With no Jovita, future of St. Leo not so rosy
By MOLLY MOORHEAD and HEATHER URQUIDES
Published March 20, 2006
ST. LEO - A weak 8-iron off the 11th tee at Lake Jovita Golf and Country Club can sail clear out of town. It's only 100 yards.
It's an oddity that gives duffers something to shoot for and, more significantly, a symbol of the fragile existence of Pasco's second smallest town.
No signs on the golf course mark the border between the town of St. Leo and unincorporated Pasco County. No dotted line through the neighborhood declares one house in town and its neighbor outside it.
But these are weighty distinctions to some Lake Jovita residents, namely the ones whose high-priced homes are in the city limits of St. Leo and subject to costs of extra government.
They are pushing town leaders to let them out so they can also become part of unincorporated Pasco County.
Their taxes would instantly decrease, along with revenues for the town's modest budget.
St. Leo Mayor James Hallett and other officials are researching ways to deny the residents' contraction petition. But it's likely to come down to a public vote, or two.
That's because three Lake Jovita residents are running for Town Commission in the April 11 election. If they win, they would have a majority on the five-member body and could vote to approve the petition, triggering a referendum.
"Both portions of the town have looked at the numbers and see it's going to be a close call," Hallett said.
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St. Leo, population 916, has no grocery store, no fast-food joint, no shopping to speak of. It's rare to see a home for sale, except in Lake Jovita. The most prominent landmarks are a college, a monastery and an abbey.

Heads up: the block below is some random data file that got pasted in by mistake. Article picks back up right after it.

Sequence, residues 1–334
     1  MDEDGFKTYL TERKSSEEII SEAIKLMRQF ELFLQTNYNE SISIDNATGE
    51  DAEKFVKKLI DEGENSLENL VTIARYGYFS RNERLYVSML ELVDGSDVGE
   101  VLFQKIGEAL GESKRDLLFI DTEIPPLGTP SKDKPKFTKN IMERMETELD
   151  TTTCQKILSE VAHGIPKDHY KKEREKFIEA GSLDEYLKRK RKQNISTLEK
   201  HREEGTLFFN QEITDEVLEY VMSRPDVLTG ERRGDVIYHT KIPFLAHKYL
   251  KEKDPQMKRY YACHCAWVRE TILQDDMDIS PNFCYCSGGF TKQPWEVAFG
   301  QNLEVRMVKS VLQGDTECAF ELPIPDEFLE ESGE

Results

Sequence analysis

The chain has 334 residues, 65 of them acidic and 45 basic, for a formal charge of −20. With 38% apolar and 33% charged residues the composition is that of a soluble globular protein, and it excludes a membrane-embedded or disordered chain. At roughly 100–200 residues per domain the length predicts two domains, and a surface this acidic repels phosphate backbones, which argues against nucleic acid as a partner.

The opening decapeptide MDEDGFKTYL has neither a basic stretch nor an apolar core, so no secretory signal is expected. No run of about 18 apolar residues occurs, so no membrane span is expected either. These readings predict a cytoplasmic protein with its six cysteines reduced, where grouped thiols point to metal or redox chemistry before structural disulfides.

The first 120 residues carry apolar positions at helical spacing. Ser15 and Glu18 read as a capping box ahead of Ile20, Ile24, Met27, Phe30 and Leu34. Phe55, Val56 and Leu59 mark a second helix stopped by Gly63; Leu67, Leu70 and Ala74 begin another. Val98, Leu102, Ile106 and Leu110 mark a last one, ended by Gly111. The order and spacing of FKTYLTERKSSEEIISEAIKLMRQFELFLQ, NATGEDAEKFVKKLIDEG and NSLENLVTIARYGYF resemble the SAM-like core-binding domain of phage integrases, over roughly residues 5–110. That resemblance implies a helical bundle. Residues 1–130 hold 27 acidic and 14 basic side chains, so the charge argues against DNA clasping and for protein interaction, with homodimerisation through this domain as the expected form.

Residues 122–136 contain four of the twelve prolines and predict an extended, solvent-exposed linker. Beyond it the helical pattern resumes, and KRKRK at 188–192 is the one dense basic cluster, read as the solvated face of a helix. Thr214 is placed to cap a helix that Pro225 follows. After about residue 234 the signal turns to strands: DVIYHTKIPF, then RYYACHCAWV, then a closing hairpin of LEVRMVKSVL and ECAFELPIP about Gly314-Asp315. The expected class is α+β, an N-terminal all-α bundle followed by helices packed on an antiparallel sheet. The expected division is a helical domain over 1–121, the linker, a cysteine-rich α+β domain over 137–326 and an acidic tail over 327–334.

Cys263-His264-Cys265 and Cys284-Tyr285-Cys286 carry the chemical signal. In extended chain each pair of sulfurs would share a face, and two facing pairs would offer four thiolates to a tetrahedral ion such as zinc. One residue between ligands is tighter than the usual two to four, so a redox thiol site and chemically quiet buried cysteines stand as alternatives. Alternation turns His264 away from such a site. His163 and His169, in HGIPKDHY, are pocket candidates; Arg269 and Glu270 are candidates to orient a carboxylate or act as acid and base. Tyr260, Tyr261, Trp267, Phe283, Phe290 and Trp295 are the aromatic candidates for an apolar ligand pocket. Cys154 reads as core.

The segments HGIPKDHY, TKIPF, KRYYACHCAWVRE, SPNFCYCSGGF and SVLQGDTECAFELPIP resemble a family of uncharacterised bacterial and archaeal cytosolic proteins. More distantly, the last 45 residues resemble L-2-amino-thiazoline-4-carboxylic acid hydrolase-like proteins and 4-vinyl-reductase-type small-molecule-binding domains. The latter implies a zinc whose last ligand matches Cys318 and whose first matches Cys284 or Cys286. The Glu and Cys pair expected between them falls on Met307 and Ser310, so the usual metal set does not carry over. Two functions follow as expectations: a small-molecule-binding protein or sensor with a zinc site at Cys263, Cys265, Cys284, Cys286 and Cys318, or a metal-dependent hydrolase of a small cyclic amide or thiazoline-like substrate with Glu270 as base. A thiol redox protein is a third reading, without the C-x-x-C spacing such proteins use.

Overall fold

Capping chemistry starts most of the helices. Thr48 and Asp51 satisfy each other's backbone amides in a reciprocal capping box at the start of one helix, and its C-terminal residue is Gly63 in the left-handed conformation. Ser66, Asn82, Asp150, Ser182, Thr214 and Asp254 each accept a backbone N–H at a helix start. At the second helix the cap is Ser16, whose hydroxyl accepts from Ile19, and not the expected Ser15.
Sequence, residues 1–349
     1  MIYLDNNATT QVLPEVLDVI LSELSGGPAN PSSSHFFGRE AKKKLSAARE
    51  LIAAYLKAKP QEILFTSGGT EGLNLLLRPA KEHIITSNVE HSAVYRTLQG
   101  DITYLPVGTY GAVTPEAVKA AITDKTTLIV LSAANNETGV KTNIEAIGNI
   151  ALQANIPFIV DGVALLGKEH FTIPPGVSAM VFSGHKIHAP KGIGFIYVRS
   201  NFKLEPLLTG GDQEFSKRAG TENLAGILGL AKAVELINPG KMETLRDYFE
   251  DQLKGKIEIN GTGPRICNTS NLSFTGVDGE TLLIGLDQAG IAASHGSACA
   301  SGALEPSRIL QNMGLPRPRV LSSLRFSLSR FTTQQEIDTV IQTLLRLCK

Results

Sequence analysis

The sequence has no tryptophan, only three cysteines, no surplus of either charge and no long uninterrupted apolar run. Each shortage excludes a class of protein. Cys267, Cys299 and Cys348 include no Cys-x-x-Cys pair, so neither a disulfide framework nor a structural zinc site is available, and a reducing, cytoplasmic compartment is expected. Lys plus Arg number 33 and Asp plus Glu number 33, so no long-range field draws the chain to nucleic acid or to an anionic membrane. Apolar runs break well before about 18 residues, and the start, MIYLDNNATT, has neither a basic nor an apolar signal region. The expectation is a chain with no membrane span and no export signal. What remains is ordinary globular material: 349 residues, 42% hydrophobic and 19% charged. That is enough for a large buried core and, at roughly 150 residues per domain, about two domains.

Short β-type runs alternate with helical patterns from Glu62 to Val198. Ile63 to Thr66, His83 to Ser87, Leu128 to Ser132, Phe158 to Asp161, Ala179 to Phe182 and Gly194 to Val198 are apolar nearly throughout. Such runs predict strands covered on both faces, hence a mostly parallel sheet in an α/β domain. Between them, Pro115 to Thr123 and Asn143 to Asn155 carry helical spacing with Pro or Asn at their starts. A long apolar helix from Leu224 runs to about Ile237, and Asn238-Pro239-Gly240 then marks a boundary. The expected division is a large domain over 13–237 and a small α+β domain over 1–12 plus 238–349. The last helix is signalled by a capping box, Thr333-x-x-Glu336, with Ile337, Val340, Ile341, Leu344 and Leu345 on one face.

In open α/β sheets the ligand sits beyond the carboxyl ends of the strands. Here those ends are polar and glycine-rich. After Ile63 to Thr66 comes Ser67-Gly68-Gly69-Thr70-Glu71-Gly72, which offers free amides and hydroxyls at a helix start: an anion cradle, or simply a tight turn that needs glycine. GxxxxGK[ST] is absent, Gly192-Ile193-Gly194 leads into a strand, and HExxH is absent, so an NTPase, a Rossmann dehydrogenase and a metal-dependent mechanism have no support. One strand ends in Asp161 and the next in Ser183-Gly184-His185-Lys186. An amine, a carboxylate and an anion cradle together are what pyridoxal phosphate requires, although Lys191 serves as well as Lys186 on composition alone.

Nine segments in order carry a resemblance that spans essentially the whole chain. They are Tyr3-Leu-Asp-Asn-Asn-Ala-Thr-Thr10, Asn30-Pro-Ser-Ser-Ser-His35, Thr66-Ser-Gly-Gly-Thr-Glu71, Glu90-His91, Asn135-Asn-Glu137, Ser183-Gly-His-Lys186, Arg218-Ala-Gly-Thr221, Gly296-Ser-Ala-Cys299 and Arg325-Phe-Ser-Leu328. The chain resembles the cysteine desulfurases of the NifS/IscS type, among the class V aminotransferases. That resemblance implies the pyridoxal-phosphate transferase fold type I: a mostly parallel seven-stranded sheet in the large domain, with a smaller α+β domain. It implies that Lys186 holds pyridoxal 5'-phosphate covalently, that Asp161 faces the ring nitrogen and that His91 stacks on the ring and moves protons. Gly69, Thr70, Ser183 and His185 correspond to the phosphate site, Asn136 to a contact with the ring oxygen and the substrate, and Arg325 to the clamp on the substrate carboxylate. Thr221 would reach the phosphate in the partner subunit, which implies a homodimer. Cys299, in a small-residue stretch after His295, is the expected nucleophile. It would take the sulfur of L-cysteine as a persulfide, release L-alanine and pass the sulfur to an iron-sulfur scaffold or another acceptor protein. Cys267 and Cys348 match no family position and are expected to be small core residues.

The town, with neighboring San Antonio, was founded more than a century ago by a judge from Arizona named Edward Dunne who sought a place where Catholics could freely practice their faith.
Until recently, some longtime residents thought their secret hideaway might be preserved forever. But progress arrived about eight years ago in the form of the upscale Lake Jovita Golf and Country Club.
The development, on the eastern edge of the lake, centers on a gorgeous golf course that opened in 1999. The winding cul-de-sacs of luxury homes filled in around the course without regard for town boundaries. About 100 of Lake Jovita's 900 properties are in the town.
As development plans moved forward in the late 1990s, Town Commissioner Richard Christmas opposed allowing houses built on smaller lots.
Trending toward suburbia, he warned, would change the town forever.
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John Fantone saw inequities when he moved to Lake Jovita, in St. Leo, five years ago with his wife, Linda. Some residents, like Fantone, pay town and county property taxes. Others pay only county taxes. The difference in the services they receive, Fantone says, is negligible.
He took a seat, unopposed, on the Town Commission in 2003, with a mission to fix that problem by bringing Lake Jovita under one governmental roof. He led discussions about annexing the entire development into the town.
They went nowhere.
"Their (residents') response was "That sounds nice, but it doesn't make economic sense for us to do that,"' Fantone said recently. "They would see that the return on that tax wouldn't be economically to their advantage."
He was the first and only Lake Jovita resident to serve on the Town Commission.
Now a private citizen, he is leading the charge to again try to get his neighborhood under one roof.
This time, though, the roof would be Pasco County.